David Hurst Thomas has produced an amazing book in Skull Wars. It is at once a serious scholarly history of the relationship between archaeologists and Native Americans and at the same time a good read, accessible to an informed public. Thomas tells it like it is when it comes to this history. As he points out it is a history that archaeologist cannot be proud of. He does an excellent job of demonstrating how the colonial context of archaeology shaped the actions of scholars to bad ends, often despite their good intentions.

Those individuals who call for a more balanced account of this history only wish to deny or cover up the ugly truth. Thomas is if anything too kind to many of the key figures of early archaeology and in the recent Kennewick controversy. As Thomas argues archaeologists need to learn from this history and not simply hide behind naive good intentions. Thomas demonstrates how informed archaeologists can work with Native American people to build common ground and interests. He shows us how we can go beyond the controversy to link good intentions with good actions.

I cannot verify or deny Thomas' comments on the Asatru religion but the reviews that react so negatively to them are focusing in on only a couple of paragraphs in the book. These comments have little to do with the overall point of the book or its content. Virtually no professional archaeologists accept the idea that there is evidence for Norse or other European settlement or exploration in North American much before AD 900 or that these explorations extended beyond the east coast of Canada. Even the theory advanced by a few archaeologists that paleolithic Solutrian peoples from the Iberian Peninsula may have crossed the arctic ice to become the North American Clovis culture has been recently dismissed in American Antiquity.

As a professional archaeologist and a scholar who has written extensively on relationships between archaeologists and Native Americans I welcome this readable account. It is a book that should be read by anyone interested in North American archaeology and I hope that it will become required reading of all archaeology students.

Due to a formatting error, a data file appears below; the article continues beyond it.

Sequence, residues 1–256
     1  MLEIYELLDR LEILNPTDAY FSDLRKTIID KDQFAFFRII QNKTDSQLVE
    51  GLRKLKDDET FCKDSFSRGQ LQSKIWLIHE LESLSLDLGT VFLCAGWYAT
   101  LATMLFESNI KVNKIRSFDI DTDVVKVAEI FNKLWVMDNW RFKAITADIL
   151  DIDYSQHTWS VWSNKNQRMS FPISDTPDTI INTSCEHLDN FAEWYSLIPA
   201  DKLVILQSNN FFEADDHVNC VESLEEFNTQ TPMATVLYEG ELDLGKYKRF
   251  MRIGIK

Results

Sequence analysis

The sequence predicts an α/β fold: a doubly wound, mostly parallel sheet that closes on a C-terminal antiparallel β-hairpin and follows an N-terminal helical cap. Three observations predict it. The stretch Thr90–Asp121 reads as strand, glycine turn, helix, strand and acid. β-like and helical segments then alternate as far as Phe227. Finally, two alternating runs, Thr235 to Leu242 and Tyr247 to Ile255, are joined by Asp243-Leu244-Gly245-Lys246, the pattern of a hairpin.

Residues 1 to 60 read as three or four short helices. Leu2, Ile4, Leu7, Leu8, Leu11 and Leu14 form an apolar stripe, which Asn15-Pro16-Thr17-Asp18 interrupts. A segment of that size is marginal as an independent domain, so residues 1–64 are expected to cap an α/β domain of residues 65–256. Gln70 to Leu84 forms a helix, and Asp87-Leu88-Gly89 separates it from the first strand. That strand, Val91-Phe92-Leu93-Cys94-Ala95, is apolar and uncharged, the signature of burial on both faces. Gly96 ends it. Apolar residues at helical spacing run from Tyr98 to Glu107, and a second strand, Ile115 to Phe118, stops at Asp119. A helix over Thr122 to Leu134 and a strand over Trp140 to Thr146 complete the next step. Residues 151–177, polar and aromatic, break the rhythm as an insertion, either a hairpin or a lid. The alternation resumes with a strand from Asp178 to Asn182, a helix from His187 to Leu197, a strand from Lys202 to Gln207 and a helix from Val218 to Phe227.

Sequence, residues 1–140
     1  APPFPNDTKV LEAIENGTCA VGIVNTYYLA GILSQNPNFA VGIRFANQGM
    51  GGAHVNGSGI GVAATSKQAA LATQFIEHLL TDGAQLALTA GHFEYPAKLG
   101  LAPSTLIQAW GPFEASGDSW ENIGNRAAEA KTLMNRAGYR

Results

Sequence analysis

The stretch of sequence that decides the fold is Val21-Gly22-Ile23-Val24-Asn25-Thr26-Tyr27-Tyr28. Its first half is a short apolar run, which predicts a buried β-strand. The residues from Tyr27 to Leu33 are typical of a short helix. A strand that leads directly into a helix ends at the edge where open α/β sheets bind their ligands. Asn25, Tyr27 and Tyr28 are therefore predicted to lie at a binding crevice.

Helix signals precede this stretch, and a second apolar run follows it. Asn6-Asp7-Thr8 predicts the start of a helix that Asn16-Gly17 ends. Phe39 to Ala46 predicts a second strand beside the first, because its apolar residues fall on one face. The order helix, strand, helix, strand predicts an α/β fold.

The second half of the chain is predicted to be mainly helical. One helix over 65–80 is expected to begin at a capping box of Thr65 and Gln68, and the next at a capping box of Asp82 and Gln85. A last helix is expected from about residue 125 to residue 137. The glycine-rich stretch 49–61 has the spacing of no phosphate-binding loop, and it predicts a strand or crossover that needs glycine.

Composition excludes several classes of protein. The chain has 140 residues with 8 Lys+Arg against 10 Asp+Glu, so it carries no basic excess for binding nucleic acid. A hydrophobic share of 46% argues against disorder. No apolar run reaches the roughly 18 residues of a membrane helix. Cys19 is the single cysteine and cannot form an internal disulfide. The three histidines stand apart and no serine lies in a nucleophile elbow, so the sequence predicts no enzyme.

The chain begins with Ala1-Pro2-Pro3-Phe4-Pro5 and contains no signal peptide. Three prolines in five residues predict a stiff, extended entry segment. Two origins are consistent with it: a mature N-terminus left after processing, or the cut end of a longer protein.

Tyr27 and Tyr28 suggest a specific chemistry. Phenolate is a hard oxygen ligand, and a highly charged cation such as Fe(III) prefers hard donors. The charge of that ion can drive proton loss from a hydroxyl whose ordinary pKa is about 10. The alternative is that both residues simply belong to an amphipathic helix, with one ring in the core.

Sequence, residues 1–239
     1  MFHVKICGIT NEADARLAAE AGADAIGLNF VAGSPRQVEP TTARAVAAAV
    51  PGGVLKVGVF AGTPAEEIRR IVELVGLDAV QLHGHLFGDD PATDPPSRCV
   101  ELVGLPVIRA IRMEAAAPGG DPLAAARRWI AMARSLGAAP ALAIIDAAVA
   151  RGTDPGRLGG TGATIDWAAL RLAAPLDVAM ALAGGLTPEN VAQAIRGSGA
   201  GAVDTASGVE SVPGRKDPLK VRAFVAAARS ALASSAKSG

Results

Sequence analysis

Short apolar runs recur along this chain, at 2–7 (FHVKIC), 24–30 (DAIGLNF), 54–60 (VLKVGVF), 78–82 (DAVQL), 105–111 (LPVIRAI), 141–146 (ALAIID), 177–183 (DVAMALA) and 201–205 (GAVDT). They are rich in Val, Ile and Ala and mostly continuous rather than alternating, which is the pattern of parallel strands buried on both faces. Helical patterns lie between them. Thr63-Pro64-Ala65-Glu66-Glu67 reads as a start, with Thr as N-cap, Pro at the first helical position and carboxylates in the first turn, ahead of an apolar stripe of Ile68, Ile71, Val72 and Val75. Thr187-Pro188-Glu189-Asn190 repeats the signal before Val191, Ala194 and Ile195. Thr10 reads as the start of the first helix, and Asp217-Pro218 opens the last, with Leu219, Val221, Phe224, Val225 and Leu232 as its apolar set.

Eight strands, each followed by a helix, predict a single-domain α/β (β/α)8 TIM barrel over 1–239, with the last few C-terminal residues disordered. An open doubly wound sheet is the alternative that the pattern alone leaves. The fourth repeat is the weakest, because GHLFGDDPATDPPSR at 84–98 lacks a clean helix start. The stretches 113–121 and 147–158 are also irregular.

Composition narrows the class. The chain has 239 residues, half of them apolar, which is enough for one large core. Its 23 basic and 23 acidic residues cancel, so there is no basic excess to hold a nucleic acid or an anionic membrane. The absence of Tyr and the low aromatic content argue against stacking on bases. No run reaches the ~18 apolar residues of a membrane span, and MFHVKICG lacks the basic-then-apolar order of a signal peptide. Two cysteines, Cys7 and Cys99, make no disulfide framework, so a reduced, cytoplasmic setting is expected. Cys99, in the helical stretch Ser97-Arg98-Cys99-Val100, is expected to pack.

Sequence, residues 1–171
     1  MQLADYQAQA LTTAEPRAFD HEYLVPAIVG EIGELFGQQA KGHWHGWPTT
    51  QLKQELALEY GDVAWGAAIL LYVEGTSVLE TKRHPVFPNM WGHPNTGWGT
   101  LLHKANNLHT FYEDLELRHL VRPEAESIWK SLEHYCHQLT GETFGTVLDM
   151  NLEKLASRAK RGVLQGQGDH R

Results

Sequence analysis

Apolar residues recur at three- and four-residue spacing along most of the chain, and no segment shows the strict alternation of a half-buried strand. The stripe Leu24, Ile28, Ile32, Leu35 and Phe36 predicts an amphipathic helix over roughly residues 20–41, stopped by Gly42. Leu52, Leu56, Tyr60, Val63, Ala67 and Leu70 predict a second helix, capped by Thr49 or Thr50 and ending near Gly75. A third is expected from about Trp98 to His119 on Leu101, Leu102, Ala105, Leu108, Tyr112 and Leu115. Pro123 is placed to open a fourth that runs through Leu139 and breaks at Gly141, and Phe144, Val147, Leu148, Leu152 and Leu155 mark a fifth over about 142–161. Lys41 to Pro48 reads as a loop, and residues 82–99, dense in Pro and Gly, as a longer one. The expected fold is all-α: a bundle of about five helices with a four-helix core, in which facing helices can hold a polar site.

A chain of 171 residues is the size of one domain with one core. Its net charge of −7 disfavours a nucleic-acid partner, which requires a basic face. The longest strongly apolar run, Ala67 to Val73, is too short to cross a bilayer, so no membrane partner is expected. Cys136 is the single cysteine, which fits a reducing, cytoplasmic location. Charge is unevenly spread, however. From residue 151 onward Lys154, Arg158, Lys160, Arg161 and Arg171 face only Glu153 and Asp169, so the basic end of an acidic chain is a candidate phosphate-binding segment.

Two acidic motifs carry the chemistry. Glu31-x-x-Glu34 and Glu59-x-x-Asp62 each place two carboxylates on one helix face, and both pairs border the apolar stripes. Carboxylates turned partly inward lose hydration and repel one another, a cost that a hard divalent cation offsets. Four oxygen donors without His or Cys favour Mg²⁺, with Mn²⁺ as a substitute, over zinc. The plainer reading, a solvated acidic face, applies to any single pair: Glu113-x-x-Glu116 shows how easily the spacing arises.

Skull Wars
Skull Wars is a superb read - engagingly written and forcefully presented - it has relevance well beyond the anthropological and Native American communities. Thomas'interweaving of history, American socio-political history and the emergence of social sciences as practiced in the US is fascinating. He's packed an amazing amount of research into this volume. I learned much and disagree with little. Coming to terms with the issue of race in this country is still in many ways largely intractable, but made much more complex by issues of class. When compounded with the Native American experience the complexities are even more magnified.

The issues confronted in Skull Wars are particularly germane for those Native American groups that have retained some semblance of generational continuity. Thomas accurately touches on the "top down" weaknesses of the implementation of the Native American Graves Protection and Repatriation Act.

Thomas clearly articulates that there is not a one-size fits all approach to accommodating and reconciling the concerns of legitimately affected Native Americans and the archaeological community. The positive examples at the end of the book serve as models for much of the country.

I hope Skull Wars reaches the wide audience it deserves. I enthusiastically recommend it.

The First Humans: Human Origins and History to 10,000 B.C. (The Illustrated History of Humankind, Vol 1)
Published in Hardcover by HarperCollins (1993)
Authors: Goran Burenhult, American Museum of Natural History, David Hurst Thomas, and Goran Bruenhult